Thursday, July 03, 2008

Sadrists outraged

As if to make it clear how important elections are, the Iraqi government forces, as has been widely reported, yesterday "arrested" the head of the Maysan provincial council, and two other council members, and broke into the home of the provincial governor, "arresting" 30 of his security people. All are members of the Sadr trend. No reasons were given for any of these "arrests".

Naturally, the question arises what role this operation is thought to be playing in the ongoing process of national reconciliation. Official reactions, for instance from Sadr spokesman Obeidi, were naturally critical and pointed out that there was an earlier promise by Maliki not to arrest people just for belonging to the Sadrist trend.

Non-official reactions were more demonstrative, and one can see in them signs of a very understandable feeling of sectarian persecution, and its result, sectarian anger. Here's what Nahrainnet said in its sidebar to its Maysan story today, under a picture of blindfolded and handcuffed prisoners:
At a time when thousands of prisoners are being released from American and government prisons, most of them having been accused of being followers of the dissolved prior regime or cooperators with tafkiiri and terrorist organizations--at this time the government with the support of the American forces is undertaking to arrest hundreds of members of the Sadr trend and members of the Mahdi Army in Maysan province, having before that arrested thousands in Basra and Baghdad and Diwaniya and Kut and Karbala. Now is this National Reconciliation? Is this the winding-up of the de-Baathification law in real terms?

Is this the reward for the faithful who withstood the oppression of Saddam for decades, only to now face the oppression of those who rule in their own name...
The accompanying article points out that some of those arrested are the very people who had arranged for a smooth and problem-free entry of the government forces to the province, on the promise that the operation would be non-sectarian.

The theme of treachery is taken up by another Sadrist news-site, which posts a picture of a Sadr City demonstration apparently from 2006, where pictures of Adbulaziz al-Hakim and Ibrahim al-Jaafari are raised along with those of the elder Sadr, the caption reading: "this was not so long ago", and the text pointing to the Sadrists' role in elevating Maliki and his supporters to power, but no sooner had they attained power than they turned on the Sadrists, and "sold them to the occupation," a betrayal that calls to the writer's mind that of Abd al Rahman ibn Muljam, the murderer of Ali bin Abi Talib in the early days of Islam. I would quote more from this piece, and I would stress its importance as another sign of the hardening of feelings in the Sadrist street as a result of the continuation of this now blatantly sectarian "law-enforcement" campaign. I would also like to call attention to the latent contempt that is implied by the absence of any indication of this Sadrist outrage from American news and commentary. But I would risk being called up again before the Disciplinary Committee on civil discourse.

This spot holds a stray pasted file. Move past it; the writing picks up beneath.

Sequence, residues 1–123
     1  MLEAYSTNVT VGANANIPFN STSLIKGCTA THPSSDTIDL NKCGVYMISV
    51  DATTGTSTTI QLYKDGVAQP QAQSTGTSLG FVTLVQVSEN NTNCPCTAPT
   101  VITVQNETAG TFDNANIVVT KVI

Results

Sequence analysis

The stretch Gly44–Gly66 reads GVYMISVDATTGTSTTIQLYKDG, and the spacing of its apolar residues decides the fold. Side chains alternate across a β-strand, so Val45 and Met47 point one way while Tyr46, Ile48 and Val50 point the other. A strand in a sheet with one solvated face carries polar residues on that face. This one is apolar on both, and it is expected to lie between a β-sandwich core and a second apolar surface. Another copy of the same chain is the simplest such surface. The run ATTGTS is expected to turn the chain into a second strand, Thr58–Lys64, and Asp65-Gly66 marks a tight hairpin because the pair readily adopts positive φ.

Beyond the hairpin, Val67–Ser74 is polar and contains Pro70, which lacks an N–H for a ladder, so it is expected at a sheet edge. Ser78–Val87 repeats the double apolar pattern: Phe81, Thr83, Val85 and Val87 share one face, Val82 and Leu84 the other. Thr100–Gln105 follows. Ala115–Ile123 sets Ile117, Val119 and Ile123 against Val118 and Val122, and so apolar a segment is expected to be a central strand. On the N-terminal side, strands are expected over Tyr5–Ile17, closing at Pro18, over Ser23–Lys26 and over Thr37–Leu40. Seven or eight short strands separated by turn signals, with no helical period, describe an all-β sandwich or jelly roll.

Anonymous Anonymous said...

sad indeed. i guess it is an improvement over the airbomb campaign.

6:41 PM  
Blogger JoshSN said...

Thanks for the efforts to counter MEMRI.

10:29 AM  
Blogger Shirin said...

Badger, can you explain your use of the term sectarian in this context, particularly since it involves Shi`as going after Shi`as? It seems to me it is purely political and not sectarian at all. Am I missing something?

11:00 AM  
Blogger badger said...

On the Shi'a versus Shi'a side (the government parties persecuting the Sadr trend) I was just using sloppy language, and you're right, that part of it isn't "sectarian" in the "religious sect" sense, but purely group-based and political.

But what I was trying to get at was also another point: The text in the Nahrainnet sidebar is an expression of Sadrist frustration, and it includes the idea that--in contrast to persecution of Sadrists--there is the release of prisoners whom the writer describes as many of them with takfiiri or Baathist backgrounds. What I meant was: This seems to be a case where political persecution can work to fire up the bad old animosities. They are being persecuted politically by Maliki, and as a result of their frustration--and it is in some sense a natural outcome, I figure-- there is at least a risk that as a result they will resort to the truly and in every sense "sectarian" language and feelings. I didn't put that very well, did I?

11:22 AM  
Blogger Shirin said...

Thanks, Badger. I get it.

The careless (or in some cases deliberately misleading?) use of the term sectarian is something that concerns me a great deal. Misrepresentations and misconceptions about alleged ages-old sectarian conflict in Iraq have been a basis for so many deeply damaging decisions and actions, and so much nonsense and it almost drives me crazy at times that it has become the "received" reality merely by incessant repetition (you had a great term for that concept some time ago, but I have forgotten what that was - do you remember?). So, I think we need to be really careful about our use of the term.

11:47 AM  
Blogger badger said...

Roger. Point taken, and an important one.

(I can't remember that expression, probably it will come to me when I least expect it...)

3:28 PM  

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